Because it is critical for districts to understand all of the variables affecting building aid, CSArch often serves as a guide.

A Glossary for K-12 Capital Projects

Richard Peckham, AIA

The New York State Education Department’s State Aid Office is responsible for determining and distributing state building aid to public school districts and BOCES. For district’s considering school renovation or new construction projects, the office has produced informational materials explaining the various formulas and standards to support the decision-making process.

Because it is critical for districts to fully understand all of the variables affecting building aid, our team at CSArch often serves as a guide. Our 25 years of experience helping NYS public schools decipher this information has informed the below list, which we compiled to define and interpret some key terms associated with calculating building aid.

Although the state pays building aid based on the district’s aid ratio, it is not a lump sum payment. In general terms, the aid is paid annually over a period of time based on the type of projects. Typically, 15 years for renovation projects, 20 years for additions, and 30 years for new construction of gut rehabilitation projects. On projects that are combinations of the different categories, the aid will often be paid based on the predominant category.

Each district is assigned a building aid ratio based on a complex formula that is related to the property wealth of a school district. The building aid ratio is the percentage of the total project costs that are eligible for building aid that would be paid for by the state. The balance of the costs would be the local share for the project.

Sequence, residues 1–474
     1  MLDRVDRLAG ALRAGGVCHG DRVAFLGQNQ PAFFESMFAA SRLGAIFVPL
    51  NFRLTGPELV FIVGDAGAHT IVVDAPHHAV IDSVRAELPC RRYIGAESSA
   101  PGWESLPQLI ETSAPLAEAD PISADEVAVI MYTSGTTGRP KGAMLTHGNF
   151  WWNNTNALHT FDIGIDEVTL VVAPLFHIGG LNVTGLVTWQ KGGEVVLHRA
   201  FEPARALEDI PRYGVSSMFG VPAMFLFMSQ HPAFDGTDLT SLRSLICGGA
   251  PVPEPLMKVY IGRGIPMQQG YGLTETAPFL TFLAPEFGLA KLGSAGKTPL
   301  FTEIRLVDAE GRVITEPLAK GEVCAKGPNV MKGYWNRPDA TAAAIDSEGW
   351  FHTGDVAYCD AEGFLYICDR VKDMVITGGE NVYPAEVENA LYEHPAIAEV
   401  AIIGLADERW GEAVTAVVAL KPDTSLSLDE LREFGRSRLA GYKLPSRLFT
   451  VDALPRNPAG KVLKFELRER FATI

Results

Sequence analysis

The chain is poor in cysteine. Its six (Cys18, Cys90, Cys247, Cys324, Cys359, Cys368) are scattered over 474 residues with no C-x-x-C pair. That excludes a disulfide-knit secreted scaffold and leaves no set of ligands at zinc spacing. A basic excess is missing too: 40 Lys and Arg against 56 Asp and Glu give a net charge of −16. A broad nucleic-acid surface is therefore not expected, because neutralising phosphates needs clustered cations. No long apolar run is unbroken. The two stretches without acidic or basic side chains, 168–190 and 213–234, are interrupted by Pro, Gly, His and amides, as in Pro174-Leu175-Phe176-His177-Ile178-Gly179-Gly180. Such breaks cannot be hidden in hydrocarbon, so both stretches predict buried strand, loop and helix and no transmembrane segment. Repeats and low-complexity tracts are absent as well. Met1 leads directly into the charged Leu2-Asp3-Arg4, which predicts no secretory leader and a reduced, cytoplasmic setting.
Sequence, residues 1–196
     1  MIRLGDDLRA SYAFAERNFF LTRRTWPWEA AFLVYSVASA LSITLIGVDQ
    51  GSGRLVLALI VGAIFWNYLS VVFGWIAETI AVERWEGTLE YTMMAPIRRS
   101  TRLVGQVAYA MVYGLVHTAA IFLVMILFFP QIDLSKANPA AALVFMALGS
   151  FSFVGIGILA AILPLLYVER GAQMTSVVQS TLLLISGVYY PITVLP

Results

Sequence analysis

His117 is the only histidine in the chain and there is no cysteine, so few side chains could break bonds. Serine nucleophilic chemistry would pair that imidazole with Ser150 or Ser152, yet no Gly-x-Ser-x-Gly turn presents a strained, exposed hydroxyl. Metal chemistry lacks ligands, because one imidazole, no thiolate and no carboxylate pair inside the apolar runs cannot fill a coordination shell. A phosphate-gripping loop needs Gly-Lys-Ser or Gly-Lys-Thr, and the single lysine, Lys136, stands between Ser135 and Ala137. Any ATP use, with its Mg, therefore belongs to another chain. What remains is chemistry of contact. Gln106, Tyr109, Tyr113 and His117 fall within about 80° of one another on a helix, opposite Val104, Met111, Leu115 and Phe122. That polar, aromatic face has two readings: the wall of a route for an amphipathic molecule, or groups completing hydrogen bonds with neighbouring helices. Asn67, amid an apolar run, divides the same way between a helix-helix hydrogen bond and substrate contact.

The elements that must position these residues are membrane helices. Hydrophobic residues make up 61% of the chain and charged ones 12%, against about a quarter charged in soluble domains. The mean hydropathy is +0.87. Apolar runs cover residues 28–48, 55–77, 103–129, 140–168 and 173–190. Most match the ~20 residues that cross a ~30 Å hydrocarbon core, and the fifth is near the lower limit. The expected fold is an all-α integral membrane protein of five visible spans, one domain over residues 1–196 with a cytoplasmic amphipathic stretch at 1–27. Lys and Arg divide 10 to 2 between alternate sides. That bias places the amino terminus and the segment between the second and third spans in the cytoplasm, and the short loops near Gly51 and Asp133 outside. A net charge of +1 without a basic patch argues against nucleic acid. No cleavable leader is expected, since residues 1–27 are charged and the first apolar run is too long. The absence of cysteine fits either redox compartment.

Building Aid Unit (BAU)

Building Aid Units are assigned to instructional space and in some special cases non-instructional space. BAUs vary by the type of space.

For example, a regular elementary classroom receives 27 BAUs, but a regular secondary classroom receives 30 BAUs. An elementary art classroom does not receive any BAUs, but a secondary art classroom receives 30 BAUs.

Understanding how BAUs are assigned is one of the primary steps in calculating the building aid for a project. The total BAUs for a building will be multiplied by the Cost Index and other factors to obtain the Maximum Cost Allowance (MCA) for a project.

It should be noted that the total of the BAUs is not the enrollment capacity of the building. For elementary schools, the total BAUs will be close to the maximum enrollment, but for secondary schools there is less of a correlation. If a building project only includes renovation work and does not include a grade level reconfiguration, the State Education Department will use the BAU total that they have on file from previous projects and will not recalculate the BAU total based on any planned changes to the building.

Cost Index

The cost index is a dollar amount per BAU that is one of the factors used in calculating the Maximum Cost Allowance. The cost index is broken down into two components: The Construction Cost Index and the Incidental Cost Index. The index varies by the grade level of the rooms and is updated monthly based on inflation or deflation in the construction market. The different categories are Grades PreK-6, Grades 7-9, Grades 7-12, and Special Education. The cost index categories have not been updated to better reflect the typical grade level configuration in most school districts of PK-5, 6-8, and 9-12. Therefore, when calculating the MCA for a Grades 6-8 middle school, the sixth grade classrooms need to be designated separately from the 7-8 grade classroom, as they receive a different cost index.